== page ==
The FDA Proposed New Mammogram Guidelines That Would Make Detecting Breast Cancer Early Easier
The U.S. Food and Drug Administration (FDA) is potentially revamping its education guidelines about breast cancer prevention, according to a recent press release from the organization. For the first time in 20 years, the FDA is proposing updating mammogram guidelines in order to help improve the effectiveness of breast cancer prevention services. The proposed FDA regulations mean that clinics providing mammograms must also update their educational materials, so that patients and medical providers can make more informed decisions about their health.
“Breast cancer is one of the most worrisome health concerns facing women,” said FDA Commissioner Scott Gottlieb, M.D in the press release. “The FDA plays a unique and meaningful role in the delivery of quality mammography to help patients get accurate screening to identify breast health problems early, when they can be effectively addressed. As part of our overall commitment to protecting the health of women, we’re proposing new policies to modernize our oversight of mammography services, by capitalizing on a number of important advances in mammography, like the increased use of 3-D digital screening tools and the need for more uniform breast density reporting. We’re committed to making sure patients have access to high quality mammography. Today’s proposed rule would help to ensure patients continue to benefit from advances in new tools and robust oversight of this field.”
The major changes to mammography education standards would include information about breast density, Debra Goldschmidt wrote for CNN. Mammograms of breasts with dense tissue can be more difficult to read, Goldschmidt wrote, so detecting cancer in dense breasts can be challenging for doctors. Moving forward, providers will be required to distribute educational materials about dense breasts when returning screening results.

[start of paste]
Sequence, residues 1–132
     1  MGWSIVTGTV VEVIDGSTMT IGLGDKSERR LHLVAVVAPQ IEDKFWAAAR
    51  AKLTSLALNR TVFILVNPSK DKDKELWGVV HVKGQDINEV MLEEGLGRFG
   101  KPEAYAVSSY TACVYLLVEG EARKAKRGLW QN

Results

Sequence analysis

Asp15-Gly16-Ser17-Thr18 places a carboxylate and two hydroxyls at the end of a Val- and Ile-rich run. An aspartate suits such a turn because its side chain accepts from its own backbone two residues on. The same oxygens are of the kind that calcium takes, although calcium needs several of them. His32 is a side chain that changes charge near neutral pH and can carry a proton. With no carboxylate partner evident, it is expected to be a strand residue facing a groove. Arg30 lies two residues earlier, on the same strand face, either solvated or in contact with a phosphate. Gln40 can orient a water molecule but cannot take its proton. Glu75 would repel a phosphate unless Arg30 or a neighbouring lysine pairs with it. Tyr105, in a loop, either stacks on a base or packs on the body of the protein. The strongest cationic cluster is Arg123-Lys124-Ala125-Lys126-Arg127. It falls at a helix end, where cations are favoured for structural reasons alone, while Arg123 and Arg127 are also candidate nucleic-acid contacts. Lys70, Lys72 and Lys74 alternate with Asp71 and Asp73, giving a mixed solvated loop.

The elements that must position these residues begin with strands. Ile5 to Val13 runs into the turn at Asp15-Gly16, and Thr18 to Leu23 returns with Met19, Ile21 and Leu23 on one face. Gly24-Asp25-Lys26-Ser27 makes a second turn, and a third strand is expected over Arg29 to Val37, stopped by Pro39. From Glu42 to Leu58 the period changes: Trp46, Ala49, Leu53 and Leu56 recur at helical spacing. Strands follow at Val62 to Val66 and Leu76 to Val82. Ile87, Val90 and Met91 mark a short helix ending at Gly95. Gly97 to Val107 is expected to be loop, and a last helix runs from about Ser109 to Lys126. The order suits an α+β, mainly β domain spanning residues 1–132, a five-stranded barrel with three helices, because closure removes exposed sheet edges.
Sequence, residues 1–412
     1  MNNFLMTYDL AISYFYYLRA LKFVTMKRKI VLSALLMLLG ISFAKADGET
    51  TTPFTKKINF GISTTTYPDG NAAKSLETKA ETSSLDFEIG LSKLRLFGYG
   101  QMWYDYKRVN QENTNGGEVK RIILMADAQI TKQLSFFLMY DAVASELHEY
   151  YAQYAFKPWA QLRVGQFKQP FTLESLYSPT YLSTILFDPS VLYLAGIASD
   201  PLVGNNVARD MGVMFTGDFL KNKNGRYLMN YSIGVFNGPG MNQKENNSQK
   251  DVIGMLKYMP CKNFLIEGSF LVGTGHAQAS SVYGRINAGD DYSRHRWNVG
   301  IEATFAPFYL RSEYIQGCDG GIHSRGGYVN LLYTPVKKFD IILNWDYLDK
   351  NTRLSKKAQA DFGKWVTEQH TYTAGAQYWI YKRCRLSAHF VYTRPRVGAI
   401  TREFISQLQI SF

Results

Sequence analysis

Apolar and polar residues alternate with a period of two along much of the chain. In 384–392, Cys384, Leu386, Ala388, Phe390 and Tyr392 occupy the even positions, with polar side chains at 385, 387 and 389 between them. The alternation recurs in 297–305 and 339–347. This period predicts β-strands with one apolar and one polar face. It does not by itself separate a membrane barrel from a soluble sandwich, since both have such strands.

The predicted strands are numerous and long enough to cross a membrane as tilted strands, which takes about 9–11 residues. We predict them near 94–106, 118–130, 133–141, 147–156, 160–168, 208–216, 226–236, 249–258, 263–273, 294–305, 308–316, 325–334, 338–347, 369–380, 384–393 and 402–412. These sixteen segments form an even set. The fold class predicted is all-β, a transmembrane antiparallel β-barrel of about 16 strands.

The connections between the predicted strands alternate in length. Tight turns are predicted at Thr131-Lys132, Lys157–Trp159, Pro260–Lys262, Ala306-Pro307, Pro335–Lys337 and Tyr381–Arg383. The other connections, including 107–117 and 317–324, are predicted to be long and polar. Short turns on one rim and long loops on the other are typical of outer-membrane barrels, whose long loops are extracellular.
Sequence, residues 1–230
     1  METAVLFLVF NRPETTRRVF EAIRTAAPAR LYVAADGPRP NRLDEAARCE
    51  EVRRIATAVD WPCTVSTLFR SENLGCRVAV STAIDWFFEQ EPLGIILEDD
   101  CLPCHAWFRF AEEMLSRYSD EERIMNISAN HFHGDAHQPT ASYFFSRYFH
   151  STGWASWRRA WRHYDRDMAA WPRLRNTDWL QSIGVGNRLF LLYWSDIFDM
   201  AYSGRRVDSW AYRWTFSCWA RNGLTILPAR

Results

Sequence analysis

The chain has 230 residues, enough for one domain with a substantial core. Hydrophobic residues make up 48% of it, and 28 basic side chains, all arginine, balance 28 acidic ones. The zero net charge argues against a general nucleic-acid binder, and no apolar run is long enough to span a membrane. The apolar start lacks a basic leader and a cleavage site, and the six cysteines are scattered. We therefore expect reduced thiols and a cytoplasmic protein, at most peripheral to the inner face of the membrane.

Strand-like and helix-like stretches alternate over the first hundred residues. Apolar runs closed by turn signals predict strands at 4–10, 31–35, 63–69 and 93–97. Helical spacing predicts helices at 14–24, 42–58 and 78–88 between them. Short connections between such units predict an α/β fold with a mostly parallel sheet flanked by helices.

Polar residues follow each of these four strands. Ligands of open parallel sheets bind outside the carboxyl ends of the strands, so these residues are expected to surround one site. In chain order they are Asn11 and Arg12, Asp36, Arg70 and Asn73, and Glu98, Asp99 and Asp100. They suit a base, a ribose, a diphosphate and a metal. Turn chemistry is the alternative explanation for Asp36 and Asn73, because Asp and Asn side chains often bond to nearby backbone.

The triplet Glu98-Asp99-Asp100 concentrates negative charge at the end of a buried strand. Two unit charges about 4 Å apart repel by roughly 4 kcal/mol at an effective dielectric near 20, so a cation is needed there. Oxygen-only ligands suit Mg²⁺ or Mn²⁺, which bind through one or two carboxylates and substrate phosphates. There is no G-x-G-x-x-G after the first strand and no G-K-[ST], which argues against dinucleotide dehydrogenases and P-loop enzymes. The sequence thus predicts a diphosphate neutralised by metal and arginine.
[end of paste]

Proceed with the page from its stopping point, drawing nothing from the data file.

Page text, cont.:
According to Ashley May writing for USA Today, women with dense breasts will be informed that, since tumors can hide behind dense tissue and go undetected, their chances for breast cancer may be higher, as mammograms aren’t always as effective for them. While some states already require that this information be distributed at mammography clinics, the FDA’s proposed regulations would mean that the new educational standards will be enforced nationwide. The new FDA guidelines would encourage women to talk to their doctors about their screening results, and consider additional imaging tests in some cases.
“The FDA is committed to advancing efforts that improve the health of women,” said FDA Principal Deputy Commissioner Amy Abernethy, MD, PhD. “We believe the proposed rule would help empower patients and health care professionals by proposing improvements to the information facilities communicate to them, helping to facilitate the sometimes difficult conversations about potential risks for breast cancer.”
The FDA’s new guidelines update regulations established under the Mammography Quality Standards Act (MQSA), according to the press release, which was passed to promote early breast cancer detection in 1992. The MQSA empowers the FDA to oversee mammography clinics, ensuring that accreditation and standards of care are enforced. The new FDA guidelines are also updated in light of recent advances in mammography technology, Goldschmidt wrote for CNN. New 3D digital imaging can provide images of breast tissue from multiple angles, which may provide more accurate screening results for some patients.
“Once finalized, these proposed amendments will enhance our oversight of mammography facilities, including in the key area of enforcement and patient communication,” Jeff Shuren, MD, director of the FDA’s Center for Devices and Radiological Health said in the press release.
The American Cancer Society recommends mammograms annually for women between the ages of 45 and 54, and every other year after that for healthy women, Goldschmidt wrote for CNN. Younger women should also be given the option for regular mammograms if they want them, the American Cancer Society says. If you have any concerns about your breast health, or aren’t sure if you have dense breasts and would like more information, have a talk with your doctor as soon as you can.